Wang H.,U.S. National Institutes of Health |
Romano G.,Janssen Research and DevelopmentNJ |
Frustaci M.E.,Janssen Research and DevelopmentNJ |
Bohidar N.,Janssen Research and DevelopmentNJ |
And 7 more authors.
Neurology | Year: 2014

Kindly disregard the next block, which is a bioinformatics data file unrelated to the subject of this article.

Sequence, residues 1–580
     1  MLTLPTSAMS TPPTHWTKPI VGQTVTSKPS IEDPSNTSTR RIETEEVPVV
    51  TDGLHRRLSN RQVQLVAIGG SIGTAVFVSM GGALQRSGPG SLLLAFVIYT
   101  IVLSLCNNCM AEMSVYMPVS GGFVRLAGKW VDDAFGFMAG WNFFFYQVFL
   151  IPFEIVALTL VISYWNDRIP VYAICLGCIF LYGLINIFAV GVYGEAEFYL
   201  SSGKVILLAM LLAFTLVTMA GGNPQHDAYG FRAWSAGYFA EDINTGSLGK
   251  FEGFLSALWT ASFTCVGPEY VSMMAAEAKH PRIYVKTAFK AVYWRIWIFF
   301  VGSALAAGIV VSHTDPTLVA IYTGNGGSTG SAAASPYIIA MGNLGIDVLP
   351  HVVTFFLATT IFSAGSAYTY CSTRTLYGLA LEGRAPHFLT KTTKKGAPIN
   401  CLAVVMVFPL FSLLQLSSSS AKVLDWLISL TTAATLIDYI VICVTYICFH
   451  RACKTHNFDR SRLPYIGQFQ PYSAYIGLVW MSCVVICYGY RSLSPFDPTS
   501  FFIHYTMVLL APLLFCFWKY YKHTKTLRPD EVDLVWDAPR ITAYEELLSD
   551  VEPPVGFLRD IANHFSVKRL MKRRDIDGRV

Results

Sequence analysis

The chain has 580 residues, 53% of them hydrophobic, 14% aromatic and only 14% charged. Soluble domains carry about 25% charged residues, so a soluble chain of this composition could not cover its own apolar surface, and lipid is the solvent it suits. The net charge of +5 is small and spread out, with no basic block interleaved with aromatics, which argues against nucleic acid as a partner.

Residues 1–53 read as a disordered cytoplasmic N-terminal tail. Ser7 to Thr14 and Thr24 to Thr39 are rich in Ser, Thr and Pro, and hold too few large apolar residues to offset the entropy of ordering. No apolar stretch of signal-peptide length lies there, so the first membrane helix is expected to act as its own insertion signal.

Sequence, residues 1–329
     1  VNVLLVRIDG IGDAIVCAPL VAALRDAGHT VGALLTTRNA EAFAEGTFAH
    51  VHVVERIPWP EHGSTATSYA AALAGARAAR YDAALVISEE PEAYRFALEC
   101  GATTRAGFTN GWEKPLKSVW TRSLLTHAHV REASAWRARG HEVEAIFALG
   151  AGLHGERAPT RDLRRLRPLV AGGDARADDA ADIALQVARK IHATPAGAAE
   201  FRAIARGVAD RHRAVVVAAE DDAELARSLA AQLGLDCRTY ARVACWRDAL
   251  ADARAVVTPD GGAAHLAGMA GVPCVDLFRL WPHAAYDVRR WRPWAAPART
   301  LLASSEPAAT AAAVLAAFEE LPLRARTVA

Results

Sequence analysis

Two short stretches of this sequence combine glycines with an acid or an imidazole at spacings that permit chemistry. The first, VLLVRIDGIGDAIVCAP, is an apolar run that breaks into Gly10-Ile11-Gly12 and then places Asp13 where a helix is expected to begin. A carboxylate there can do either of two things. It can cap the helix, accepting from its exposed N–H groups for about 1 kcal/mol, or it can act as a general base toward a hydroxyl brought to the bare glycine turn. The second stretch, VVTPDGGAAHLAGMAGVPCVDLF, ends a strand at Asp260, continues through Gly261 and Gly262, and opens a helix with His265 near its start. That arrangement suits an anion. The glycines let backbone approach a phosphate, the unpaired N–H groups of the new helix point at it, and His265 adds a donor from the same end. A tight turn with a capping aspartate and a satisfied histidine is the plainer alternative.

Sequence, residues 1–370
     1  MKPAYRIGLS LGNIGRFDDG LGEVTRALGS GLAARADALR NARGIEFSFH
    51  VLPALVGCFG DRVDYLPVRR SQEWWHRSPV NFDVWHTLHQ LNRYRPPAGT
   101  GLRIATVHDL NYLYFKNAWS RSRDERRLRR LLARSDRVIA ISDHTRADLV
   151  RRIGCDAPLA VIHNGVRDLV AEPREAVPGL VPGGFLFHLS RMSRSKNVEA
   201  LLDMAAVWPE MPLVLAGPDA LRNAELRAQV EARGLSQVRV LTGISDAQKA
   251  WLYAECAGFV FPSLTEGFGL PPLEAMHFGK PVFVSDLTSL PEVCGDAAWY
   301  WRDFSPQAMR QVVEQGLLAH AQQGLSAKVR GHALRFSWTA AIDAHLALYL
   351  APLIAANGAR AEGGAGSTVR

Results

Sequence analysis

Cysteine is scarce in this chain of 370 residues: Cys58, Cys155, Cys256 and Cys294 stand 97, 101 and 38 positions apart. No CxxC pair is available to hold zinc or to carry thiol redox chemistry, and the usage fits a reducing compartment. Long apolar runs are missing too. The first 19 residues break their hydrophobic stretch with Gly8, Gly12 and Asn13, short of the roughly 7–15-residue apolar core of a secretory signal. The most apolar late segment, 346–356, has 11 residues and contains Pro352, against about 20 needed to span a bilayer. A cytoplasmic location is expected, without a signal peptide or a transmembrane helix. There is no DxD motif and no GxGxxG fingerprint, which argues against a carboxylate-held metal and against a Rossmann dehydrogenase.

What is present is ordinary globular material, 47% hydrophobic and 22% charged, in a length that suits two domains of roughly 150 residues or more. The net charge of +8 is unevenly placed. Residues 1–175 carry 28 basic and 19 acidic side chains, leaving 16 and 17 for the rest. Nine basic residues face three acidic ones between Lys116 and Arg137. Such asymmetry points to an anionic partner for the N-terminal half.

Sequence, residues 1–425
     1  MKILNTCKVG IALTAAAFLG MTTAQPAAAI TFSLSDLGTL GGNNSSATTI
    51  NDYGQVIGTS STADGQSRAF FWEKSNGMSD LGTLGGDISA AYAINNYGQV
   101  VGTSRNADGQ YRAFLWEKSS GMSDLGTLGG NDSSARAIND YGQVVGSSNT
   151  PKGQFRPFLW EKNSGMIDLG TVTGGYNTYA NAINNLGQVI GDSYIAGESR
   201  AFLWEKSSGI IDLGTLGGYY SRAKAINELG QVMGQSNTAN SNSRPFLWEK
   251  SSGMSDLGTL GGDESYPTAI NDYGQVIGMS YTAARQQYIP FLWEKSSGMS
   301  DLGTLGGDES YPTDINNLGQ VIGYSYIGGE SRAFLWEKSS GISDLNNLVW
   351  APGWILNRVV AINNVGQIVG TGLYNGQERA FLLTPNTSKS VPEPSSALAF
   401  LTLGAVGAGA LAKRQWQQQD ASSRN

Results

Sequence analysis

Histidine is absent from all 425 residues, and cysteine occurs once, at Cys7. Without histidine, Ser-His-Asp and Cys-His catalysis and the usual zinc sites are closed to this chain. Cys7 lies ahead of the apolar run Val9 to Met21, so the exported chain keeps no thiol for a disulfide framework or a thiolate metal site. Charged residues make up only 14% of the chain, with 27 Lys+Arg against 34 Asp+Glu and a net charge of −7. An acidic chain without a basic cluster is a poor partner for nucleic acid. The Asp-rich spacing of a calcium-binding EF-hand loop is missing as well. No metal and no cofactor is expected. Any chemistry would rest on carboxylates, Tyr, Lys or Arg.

Objective: To assess efficacy and safety of fulranumab, a fully human monoclonal antibody against nerve growth factor, in patients with diabetic peripheral neuropathic pain (DPNP). Methods: In this phase II, double-blind, placebo-controlled trial, patients with moderate to severe DPNP were randomized to treatments with fulranumab (1, 3, or 10 mg) or placebo administered subcutaneously every 4 weeks. Results: Because of early study termination (clinical hold) by the US Food and Drug Administration, 77 (intent-to-treat) of the planned 200 patients were enrolled. The primary endpoint, the mean reduction of average daily pain at week 12 compared with baseline, showed a positive dose-response relationship (p 5 0.014, 1-sided); the pair-wise comparison between the 10-mg group and placebo was significant (unadjusted p 5 0.040, 2-sided). An exploratory responder analysis revealed that a greater proportion of patients in the 10-mg group reported ≥30%reduction in the average DPNP intensity compared with placebo at week 12 (p 5 0.006). Although not statistically significant, several secondary endpoints showed directionally similar results to the primary efficacy dose-response relationship. During the combined efficacy and safety extension phases, the top 3 treatment-emergent adverse events in the combined fulranumab group were arthralgia (11%), edema peripheral (11%), and diarrhea (9%). No cases of joint replacement or death were reported. Conclusion: Despite early study termination, fulranumab treatment resulted in dose-dependent efficacy and was generally well tolerated. Classification of evidence: This study provides Class I evidence that in patients with DPNP, fulranumab 10 mg reduces pain by 1.2 points on an 11-point scale compared with placebo. © 2014 American Academy of Neurology. Source